Thursday, March 23, 2017

Arc Review: Henry and the Chalk Dragon by Jennifer Trafton

Henry and the Chalk Dragon by Jennifer Trafton. Illustrated by Benjamin Schipper. 220 p. Rabbit Room Press, April 28, 2017. 9780986381881. (Review from arc courtesy of Blue Slip Media)

Henry is an artist and a bit of an oddity at La Muncha Elementary School. His teachers and classmates don't know what a great artist Henry is because he does not share his art - not even with his very best friend. When he refuses to color a ridiculous bunny template for his class' entry into an "Eat Your Vegetables" art show in the cafeteria, a note is sent home. His parents are supportive of Henry's talents. His mother allows him to draw on his bedroom walls. Indeed, she created a surface upon which Henry can draw, erase and draw again to his heart's content. They encourage him to take part in the school project but Henry absolutely cannot. He gets quite angry, in fact. He's also angry about a few other things. The kids at school don't treat him kindly and he recently got angry with his very best friend, Oscar and there's a ripped up something under his bed to prove it.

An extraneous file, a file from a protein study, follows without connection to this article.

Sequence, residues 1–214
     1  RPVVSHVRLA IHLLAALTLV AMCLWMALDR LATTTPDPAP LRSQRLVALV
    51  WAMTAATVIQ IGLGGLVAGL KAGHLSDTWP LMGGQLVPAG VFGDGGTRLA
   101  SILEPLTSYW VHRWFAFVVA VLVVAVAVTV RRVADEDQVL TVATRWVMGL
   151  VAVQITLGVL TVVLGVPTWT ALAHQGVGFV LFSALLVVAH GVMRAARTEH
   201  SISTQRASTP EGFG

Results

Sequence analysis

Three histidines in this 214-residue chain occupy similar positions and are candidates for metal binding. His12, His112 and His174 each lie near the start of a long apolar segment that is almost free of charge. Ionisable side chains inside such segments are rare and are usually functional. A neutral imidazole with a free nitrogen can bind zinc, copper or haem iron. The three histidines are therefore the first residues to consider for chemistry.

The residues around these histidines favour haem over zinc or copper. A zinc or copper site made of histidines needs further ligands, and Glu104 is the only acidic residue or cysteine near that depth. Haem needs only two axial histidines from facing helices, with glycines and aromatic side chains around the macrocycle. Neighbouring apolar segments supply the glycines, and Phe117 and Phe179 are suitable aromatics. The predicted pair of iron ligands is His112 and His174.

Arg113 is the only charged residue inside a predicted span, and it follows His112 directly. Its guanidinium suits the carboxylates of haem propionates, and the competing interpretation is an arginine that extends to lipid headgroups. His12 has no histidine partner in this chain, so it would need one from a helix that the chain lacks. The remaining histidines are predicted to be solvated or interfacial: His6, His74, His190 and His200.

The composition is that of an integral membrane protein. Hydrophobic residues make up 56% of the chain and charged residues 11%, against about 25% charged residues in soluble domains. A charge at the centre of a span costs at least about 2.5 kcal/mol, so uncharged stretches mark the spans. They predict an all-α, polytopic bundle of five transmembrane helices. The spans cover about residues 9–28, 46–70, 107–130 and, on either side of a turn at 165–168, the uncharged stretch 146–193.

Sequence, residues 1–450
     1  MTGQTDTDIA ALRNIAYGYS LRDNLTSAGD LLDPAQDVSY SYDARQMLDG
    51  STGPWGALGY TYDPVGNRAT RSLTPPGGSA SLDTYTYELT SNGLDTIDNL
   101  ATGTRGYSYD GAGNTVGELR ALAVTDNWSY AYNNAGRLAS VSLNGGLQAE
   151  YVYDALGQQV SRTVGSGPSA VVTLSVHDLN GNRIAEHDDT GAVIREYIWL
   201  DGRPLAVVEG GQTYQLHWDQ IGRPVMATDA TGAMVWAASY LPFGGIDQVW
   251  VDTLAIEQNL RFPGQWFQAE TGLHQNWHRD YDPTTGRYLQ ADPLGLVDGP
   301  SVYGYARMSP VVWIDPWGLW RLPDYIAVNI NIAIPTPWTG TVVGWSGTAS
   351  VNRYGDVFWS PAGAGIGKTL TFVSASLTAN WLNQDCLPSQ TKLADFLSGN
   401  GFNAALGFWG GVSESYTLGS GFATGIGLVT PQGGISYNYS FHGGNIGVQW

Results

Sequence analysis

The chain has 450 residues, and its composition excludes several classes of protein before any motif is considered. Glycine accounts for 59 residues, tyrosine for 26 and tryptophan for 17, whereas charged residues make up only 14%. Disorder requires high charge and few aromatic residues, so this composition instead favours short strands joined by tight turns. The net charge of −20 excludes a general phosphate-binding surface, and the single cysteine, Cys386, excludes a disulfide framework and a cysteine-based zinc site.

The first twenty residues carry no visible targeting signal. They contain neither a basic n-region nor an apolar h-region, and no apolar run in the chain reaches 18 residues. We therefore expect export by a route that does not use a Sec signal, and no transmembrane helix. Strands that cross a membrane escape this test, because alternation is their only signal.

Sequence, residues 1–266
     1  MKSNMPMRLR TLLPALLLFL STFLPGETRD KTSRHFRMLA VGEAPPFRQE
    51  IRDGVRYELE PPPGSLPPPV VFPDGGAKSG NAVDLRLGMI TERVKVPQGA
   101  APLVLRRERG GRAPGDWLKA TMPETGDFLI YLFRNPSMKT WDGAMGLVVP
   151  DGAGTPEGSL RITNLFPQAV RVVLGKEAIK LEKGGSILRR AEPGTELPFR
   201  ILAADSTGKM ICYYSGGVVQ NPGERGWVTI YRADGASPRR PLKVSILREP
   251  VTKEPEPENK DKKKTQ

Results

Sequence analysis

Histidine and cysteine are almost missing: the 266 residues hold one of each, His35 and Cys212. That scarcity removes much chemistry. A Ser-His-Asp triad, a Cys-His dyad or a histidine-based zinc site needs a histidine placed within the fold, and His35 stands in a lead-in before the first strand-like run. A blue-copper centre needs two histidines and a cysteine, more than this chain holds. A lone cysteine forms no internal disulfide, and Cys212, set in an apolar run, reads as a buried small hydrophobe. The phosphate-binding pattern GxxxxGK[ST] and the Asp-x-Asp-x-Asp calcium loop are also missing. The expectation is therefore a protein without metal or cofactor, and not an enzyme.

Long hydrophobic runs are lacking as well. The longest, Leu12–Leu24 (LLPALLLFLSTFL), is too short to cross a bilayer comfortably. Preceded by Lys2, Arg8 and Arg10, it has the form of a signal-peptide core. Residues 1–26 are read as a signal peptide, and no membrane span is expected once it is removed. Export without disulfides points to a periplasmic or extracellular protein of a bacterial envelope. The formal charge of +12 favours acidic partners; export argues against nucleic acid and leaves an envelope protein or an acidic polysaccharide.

As Henry reluctantly gets ready to go to school, the magnificent dragon that he drew on his wall slips off and into his backpack. Henry has no choice but to bring him to school. He dons a suit of armor because that's what knights do and boards the school bus, where he is ridiculed. His ally, the bus driver, who sees Henry for what he is, isn't able to help Henry. 

Once inside school, the dragon slips out of the backpack and magical mayhem ensues. It's all explained away by the clueless adults who cannot "see" the dragon. It's up to Henry to subdue his work of art who seems to be able to change into anything Henry has drawn in his secret sketchpad. He is joined by Oscar and Jade, the new girl at school. Jade is fierce. She is a poet along the lines of traveling minstrels and has been watching Henry very closely. She sees Henry's potential. If only Henry would recognize the ally that she is!

This book is quirky with a capital Q. I will admit that quirky sometimes rubs me the wrong way. When I read the back jacket and saw that the name of the town was Squashbuckle, I was ready to be rubbed. Thankfully, my edges were smoothed on the first page by the wonder of Henry's door and the lovely, evocative writing. There are lots of italics and the occasional odd capitalization for emphasis that lend charm, like "Work of Art." Speaking of art, the cover, with it's slate feel and chalk writing, is perfect; as are the bits of spot art that were available in the arc I read.

I cannot wait for the book to come out so that I can get it into the hands of a variety of readers - my artists, my quiet kids, my kids who want adventure, my kids who want funny (because many of the scenes are laugh-out-loud funny), ...any of my kids really.

Visit the author's site for a terrific curriculum guide

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